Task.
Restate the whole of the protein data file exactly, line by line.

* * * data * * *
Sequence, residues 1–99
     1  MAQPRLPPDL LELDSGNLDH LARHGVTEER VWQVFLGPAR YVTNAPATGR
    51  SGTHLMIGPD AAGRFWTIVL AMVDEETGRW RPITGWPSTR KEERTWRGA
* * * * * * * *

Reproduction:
Sequence, residues 1–99
     1  MAQPRLPPDL LELDSGNLDH LARHGVTEER VWQVFLGPAR YVTNAPATGR
    51  SGTHLMIGPD AAGRFWTIVL AMVDEETGRW RPITGWPSTR KEERTWRGA